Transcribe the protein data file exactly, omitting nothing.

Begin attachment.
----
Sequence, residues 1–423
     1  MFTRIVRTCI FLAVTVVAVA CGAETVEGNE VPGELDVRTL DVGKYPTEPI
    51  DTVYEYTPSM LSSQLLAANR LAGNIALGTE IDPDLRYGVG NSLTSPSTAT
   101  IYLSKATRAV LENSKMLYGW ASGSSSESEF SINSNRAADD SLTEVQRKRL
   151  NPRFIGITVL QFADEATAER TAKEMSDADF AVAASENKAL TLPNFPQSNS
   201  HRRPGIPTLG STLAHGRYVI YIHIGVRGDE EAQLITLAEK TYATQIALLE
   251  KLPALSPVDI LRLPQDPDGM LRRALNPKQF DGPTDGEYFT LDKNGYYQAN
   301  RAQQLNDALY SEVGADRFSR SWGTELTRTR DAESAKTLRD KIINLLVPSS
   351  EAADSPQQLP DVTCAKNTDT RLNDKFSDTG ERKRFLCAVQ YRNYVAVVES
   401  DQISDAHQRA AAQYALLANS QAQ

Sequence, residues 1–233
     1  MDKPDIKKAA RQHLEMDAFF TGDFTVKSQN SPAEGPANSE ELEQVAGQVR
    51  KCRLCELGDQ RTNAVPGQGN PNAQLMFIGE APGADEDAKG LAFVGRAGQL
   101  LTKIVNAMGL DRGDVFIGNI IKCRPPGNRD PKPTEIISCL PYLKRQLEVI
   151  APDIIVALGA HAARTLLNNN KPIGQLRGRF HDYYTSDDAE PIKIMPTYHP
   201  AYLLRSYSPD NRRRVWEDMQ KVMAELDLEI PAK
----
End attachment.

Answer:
Sequence, residues 1–423
     1  MFTRIVRTCI FLAVTVVAVA CGAETVEGNE VPGELDVRTL DVGKYPTEPI
    51  DTVYEYTPSM LSSQLLAANR LAGNIALGTE IDPDLRYGVG NSLTSPSTAT
   101  IYLSKATRAV LENSKMLYGW ASGSSSESEF SINSNRAADD SLTEVQRKRL
   151  NPRFIGITVL QFADEATAER TAKEMSDADF AVAASENKAL TLPNFPQSNS
   201  HRRPGIPTLG STLAHGRYVI YIHIGVRGDE EAQLITLAEK TYATQIALLE
   251  KLPALSPVDI LRLPQDPDGM LRRALNPKQF DGPTDGEYFT LDKNGYYQAN
   301  RAQQLNDALY SEVGADRFSR SWGTELTRTR DAESAKTLRD KIINLLVPSS
   351  EAADSPQQLP DVTCAKNTDT RLNDKFSDTG ERKRFLCAVQ YRNYVAVVES
   401  DQISDAHQRA AAQYALLANS QAQ

Sequence, residues 1–233
     1  MDKPDIKKAA RQHLEMDAFF TGDFTVKSQN SPAEGPANSE ELEQVAGQVR
    51  KCRLCELGDQ RTNAVPGQGN PNAQLMFIGE APGADEDAKG LAFVGRAGQL
   101  LTKIVNAMGL DRGDVFIGNI IKCRPPGNRD PKPTEIISCL PYLKRQLEVI
   151  APDIIVALGA HAARTLLNNN KPIGQLRGRF HDYYTSDDAE PIKIMPTYHP
   201  AYLLRSYSPD NRRRVWEDMQ KVMAELDLEI PAK